Falls from heights had become a leading cause of traumatic deaths (1). This study investigated the outcomes of patients with free falls in three level-I trauma centers in 10 years. Although the overall mortality rate was 35%, 98% of patients with OHCA were declared death after aggressive resuscitation. By contrast, only 11% of non-OHCA patients died in the hospital. Disparities occurred in the prognostic predictors in patients with and without cardiac arrests. The falling height was associated with OHCAs; a higher ISS was associated with mortality in patients without OHCAs and serious head and chest injuries have a significant impact.
Patients with OHCAs were usually excluded in the previous studies regarding free-fall trauma and little is known about the prognostic factors and injury patterns. The mortality rate would be underestimated with the exclusion of these patients. Hence, the inclusion of the patients with OHCA was essential to better understand the predictors and outcomes among fall-related deaths.
A previous study reported that more than half of the traumatic deaths after falls occurred out-of-hospital (13). In a Taiwanese study, 80% of the fall-related OHCAs failed to survive, whether they were transferred to teaching hospitals or not (14). The survival rates of traumatic OHCAs were significantly lower than those of medical cardiac arrests, although the trauma patients were younger (15). Although the outcomes were better in severely injured patients in level-I trauma center (16), death after aggressive resuscitation was declared for 98% of the patients with OHCAs in this study. It implied that free-fall patients with cardiac arrests did have a grave prognosis, even in trauma centers.
Falls from height is a common major trauma in EDs. The emergency medical services (EMS) system plays an essential role in obtaining important pre-hospital information, such as falling height, place, and cause. Also, because fall-related OHCAs had dismal outcomes, trauma bypass allocating this kind of patient to the level I trauma center should be reconsidered. However, falls often occur in public spaces (15). Obtaining death claims on the scene without transferring to the hospital would be difficult in Chinese society.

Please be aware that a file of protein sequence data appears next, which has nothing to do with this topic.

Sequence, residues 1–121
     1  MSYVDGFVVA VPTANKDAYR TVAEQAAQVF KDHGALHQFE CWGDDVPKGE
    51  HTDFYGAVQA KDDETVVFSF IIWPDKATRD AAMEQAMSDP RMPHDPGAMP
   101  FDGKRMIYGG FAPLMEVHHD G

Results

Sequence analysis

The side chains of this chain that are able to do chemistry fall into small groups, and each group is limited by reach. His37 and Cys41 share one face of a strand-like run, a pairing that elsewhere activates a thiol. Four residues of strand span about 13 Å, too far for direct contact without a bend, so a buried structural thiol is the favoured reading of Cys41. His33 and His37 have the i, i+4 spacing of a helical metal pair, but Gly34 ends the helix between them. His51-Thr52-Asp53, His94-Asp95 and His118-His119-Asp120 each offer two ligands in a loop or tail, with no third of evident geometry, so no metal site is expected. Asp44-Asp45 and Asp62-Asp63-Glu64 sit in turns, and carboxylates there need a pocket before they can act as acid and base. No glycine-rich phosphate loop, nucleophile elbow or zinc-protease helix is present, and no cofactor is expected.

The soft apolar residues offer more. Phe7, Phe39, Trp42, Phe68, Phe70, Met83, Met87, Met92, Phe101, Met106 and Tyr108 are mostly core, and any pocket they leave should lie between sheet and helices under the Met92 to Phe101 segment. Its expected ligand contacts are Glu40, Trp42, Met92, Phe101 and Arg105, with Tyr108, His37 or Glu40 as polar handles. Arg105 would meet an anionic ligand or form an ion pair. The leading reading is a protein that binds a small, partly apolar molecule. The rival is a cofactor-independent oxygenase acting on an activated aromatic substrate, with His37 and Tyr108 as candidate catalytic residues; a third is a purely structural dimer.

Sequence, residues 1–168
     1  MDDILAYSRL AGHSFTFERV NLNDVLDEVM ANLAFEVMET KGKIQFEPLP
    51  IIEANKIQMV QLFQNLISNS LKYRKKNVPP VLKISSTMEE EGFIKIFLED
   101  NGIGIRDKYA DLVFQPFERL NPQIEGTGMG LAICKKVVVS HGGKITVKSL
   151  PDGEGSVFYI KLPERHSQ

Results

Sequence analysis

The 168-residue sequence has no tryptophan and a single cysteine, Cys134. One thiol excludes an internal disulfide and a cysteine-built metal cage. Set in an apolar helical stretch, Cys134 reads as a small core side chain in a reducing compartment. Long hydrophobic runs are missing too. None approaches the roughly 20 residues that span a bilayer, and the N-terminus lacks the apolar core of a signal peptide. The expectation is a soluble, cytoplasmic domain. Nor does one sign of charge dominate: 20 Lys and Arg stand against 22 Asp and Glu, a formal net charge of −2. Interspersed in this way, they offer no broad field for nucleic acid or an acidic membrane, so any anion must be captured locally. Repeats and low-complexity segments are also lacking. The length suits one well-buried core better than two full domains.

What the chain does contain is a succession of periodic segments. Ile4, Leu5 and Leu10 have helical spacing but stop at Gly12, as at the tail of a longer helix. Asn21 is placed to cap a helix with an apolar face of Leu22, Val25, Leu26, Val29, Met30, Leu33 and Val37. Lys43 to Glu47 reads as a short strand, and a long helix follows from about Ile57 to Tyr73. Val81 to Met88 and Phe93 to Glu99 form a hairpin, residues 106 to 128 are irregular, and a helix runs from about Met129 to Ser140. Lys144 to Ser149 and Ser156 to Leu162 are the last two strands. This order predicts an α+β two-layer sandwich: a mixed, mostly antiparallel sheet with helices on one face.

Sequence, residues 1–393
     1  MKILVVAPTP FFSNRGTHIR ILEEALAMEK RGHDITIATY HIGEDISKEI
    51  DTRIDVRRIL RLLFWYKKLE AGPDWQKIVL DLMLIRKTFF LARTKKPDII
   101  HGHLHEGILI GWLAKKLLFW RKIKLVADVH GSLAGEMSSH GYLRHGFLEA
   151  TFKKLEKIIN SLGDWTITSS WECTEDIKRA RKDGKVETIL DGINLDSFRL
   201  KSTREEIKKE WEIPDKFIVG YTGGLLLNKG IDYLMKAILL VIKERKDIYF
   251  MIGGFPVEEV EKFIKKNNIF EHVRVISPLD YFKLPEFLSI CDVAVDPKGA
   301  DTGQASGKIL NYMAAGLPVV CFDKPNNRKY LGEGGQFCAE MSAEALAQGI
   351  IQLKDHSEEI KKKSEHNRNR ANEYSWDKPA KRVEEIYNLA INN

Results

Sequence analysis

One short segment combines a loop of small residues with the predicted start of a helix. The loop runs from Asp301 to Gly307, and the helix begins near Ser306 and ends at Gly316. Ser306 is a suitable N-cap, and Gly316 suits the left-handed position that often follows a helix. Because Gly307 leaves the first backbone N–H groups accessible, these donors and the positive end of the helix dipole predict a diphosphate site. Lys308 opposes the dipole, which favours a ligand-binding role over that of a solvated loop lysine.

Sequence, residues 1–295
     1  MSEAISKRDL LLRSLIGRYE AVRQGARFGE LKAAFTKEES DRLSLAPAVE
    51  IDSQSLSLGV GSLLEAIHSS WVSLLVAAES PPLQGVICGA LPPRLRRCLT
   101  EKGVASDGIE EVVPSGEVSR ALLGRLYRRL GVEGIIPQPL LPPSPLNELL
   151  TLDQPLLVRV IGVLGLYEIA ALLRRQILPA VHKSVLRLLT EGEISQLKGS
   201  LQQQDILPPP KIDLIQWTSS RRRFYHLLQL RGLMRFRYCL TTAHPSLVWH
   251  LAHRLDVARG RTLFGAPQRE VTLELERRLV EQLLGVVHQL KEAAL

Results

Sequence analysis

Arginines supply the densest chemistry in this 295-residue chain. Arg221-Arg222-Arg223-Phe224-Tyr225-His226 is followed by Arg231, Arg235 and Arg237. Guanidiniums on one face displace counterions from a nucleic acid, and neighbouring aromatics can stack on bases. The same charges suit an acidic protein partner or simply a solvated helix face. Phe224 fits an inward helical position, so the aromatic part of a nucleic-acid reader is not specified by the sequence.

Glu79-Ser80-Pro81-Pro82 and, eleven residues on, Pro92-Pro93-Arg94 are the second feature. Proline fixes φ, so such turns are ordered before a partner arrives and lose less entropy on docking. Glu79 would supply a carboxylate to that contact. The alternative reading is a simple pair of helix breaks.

Evidence regarding the prognostic factors for free-fall trauma is still controversial. Previous studies have shown that fatal falls were associated with multiple factors, such as older age, falling from a height of more than 6 m, head injury, and higher ISS(2, 5, 6, 9, 17). The results in our study showed that the falling height was significantly related to OHCAs after adjusting for other confounders. The average falling height of cardiac arrests was 22 meters, approximately 6-story height. On the contrary, there was no significant impact of falling height on the outcomes of patients without OHCA.
The ISS was introduced in 1974 (18). It is calculated until all injuries are known, being the gold standard for evaluating trauma patients and a strong predictor of mortality, morbidity, and hospitalization time after trauma (19). Our study demonstrated that ISS was significantly higher among deaths than survivors in non-OHCA patients. To investigate the relationship between patterns of injury and mortality, body regions were included for analysis. Regardless of falling heights, serious head and chest injuries with AIS ≧ 3 were independent predictive factors of mortality. The results implied that low-height falls could cause serious head and chest injuries and even death.
Notably, 16 deaths (52%) occurred in the working place. In a study by Kim et al., those wearing safety helmets were less likely to have intracranial injuries in work-related falls (18). Head injury had a substantial effect on mortality among non-OHCA patients in this study, so helmets were a potentially effective prevention method against work-related traumatic brain injury (18, 19).
Despite these contributions, there were limitations in this study. First, because our study was a retrospective design, some data was missing, such as body position on impact. Second, CT was not performed in patients with OHCAs that patterns of injury could not be elucidated. Third, our results may not reflect the epidemiological profile of the entire population of the whole country. Our hospital and its affiliated hospitals were teaching hospitals where the disease pattern would be more severe and complicated. The mortality rate might be overestimated in this study.